JURISDICTION OF CIVIL COURT
Section 9 of the Code of Civil Procedure, 1908 has the jurisdiction to try all suits of a civil nature excepting the suits of which cognizance is either explicitly or impliedly barred. Appropriately, however, the appropriate forum to settle on an issue is the Civil Court, and Section 9 of the CPC bars suits of civil nature which is being enabled by the Special Act on the Tribunal.
The Hon’ble Supreme Court in the case of Dhulabhai v. State of Madhya Pradesh and others set down seven standards or principles to be applied for deciding whether a suit is barred under Section 9 of CPC. It is pertinent to draw the reference of the wordings of Lord Thankerton in the case of The Secretary of State vs. Mask and C where he explained the scope of the exclusion clause in the following words:
“It is settled law that the exclusion of the jurisdiction of the Civil Courts is not to be readily inferred, but that such exclusion must either be explicitly expressed or clearly implied. It is also well settled that even if jurisdiction is so excluded, the Civil Courts have jurisdiction to examine into cases where the provisions of the Act have not been complied with, or the statutory tribunal has not acted in conformity with the fundamental principles of judicial procedure”.
In the case of CDS Financial Services (Mauritius) Limited vs. BPL Communications Limited and ors. it was held that, “when there is no express provision excluding the jurisdiction of the Civil Courts, such exclusion can be implied only in cases where a right itself is created and the machinery of enforcement of such right is also provided by the statute. If the right is traceable to general law of contracts or it is a common law right, it can be enforced through the Civil Court, even though the forum under the statute also will have jurisdiction to enforce that right. Sections 397, 398 and 408 of the Companies Act, 1956 do not confer exclusive jurisdiction on the company court to grant reliefs against oppression a nd mismanagement. The scope of these sections is to provide a convenient remedy for minority shareholders under certain conditions and the provisions therein are not intended to exclude all other remedies.”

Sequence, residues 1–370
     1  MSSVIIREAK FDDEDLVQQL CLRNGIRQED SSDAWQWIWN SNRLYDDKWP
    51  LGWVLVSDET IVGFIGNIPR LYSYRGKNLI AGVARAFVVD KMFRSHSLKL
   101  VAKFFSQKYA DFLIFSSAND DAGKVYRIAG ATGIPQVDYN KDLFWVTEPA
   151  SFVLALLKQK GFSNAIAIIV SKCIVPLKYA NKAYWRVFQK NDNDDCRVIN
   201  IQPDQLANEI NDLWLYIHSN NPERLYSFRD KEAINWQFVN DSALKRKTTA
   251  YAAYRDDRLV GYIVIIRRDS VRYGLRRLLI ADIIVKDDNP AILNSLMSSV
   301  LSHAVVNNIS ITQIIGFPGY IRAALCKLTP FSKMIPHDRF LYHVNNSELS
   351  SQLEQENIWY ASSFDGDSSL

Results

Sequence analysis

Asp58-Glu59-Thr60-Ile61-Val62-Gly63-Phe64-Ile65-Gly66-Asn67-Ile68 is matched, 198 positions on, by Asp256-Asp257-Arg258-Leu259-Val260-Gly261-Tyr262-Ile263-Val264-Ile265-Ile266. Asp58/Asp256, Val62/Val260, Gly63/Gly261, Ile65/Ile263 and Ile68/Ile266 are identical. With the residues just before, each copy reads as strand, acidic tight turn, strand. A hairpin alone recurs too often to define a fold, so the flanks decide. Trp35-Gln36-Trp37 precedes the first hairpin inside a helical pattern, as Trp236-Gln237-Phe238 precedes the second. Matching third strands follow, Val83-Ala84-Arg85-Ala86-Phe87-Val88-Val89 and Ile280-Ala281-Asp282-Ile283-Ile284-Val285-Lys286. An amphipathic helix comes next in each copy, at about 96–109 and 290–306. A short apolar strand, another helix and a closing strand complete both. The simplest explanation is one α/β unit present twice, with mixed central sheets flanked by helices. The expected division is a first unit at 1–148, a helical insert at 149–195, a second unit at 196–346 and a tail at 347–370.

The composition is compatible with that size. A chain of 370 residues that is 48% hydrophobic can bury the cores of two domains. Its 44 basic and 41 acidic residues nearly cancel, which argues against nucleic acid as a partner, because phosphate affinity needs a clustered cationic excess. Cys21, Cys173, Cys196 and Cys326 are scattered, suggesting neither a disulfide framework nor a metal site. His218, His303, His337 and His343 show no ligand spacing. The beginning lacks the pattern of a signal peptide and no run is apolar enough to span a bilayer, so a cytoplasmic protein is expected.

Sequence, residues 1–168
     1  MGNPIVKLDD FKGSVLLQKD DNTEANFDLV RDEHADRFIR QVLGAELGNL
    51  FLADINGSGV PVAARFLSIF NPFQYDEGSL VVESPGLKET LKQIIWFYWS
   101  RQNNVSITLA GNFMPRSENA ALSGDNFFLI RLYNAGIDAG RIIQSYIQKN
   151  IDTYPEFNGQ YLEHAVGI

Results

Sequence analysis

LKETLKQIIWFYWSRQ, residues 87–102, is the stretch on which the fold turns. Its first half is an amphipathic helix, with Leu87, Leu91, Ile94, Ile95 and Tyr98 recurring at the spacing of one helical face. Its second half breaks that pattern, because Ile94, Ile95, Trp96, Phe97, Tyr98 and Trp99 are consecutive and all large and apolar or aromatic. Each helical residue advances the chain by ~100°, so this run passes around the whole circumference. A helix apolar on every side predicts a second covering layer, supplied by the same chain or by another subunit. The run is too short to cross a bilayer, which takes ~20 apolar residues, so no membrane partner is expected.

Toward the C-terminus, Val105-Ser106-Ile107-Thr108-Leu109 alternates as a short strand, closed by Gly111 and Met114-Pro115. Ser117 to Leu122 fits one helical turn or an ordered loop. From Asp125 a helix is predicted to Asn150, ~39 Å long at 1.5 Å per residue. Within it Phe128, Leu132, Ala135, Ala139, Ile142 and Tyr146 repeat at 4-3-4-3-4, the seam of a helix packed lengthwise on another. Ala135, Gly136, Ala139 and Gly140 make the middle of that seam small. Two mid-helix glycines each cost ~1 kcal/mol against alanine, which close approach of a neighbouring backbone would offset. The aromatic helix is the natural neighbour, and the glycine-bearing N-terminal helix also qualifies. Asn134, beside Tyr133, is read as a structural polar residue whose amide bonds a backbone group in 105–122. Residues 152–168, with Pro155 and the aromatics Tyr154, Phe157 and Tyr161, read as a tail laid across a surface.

Therefore, from the above-mentioned judgments, it is clear that the Civil Court can adjudicate upon all the suits of civil nature unless its jurisdiction is expressly or impliedly barred.
It very well may be concluded or induced that there is no express provision under the Company Act, 1956, which bars the jurisdiction of Civil Court in the Company matters. It is additionally obvious from the decisions that express or implied condition barring the jurisdiction is very vital. Primarily from the above-mentioned research, one can observer a divergence of various perspectives under the Companies Act 2013. While one bunch of decisions is seems to be in favor of Civil Courts for having the jurisdiction over the Company Law Matters, the courts have interpreted diversely in many different cases while holding that NCLT is the appropriate forum to adjudicate the company related matters. Ultimately it is extremely challenging to bar the jurisdiction of civil court in pertaining to Company law matters and the situation comparable to it has effectively been settled through different case laws in the present article.
 (2015) 8 SCC 583
 (2010) 11 SCC 1
 Report of the Expert Committee on Company Law, 2005, Ministry of Corporate Affairs, 31st May, 2005, http://reports.mca.gov.in/Reports/23Irani%20committee%20report%20of%20the%20expert%20committee%20on%20Company%20law,2005.pdf
 CA 1965-66/2014
 (1987) 62 Com Cases 301 (AP)
 (2018) 142 CLA 365
 AIR 1969 SC 78
 AIR 1940 PC 105, 110
 (2004) 121 Comp Cases 375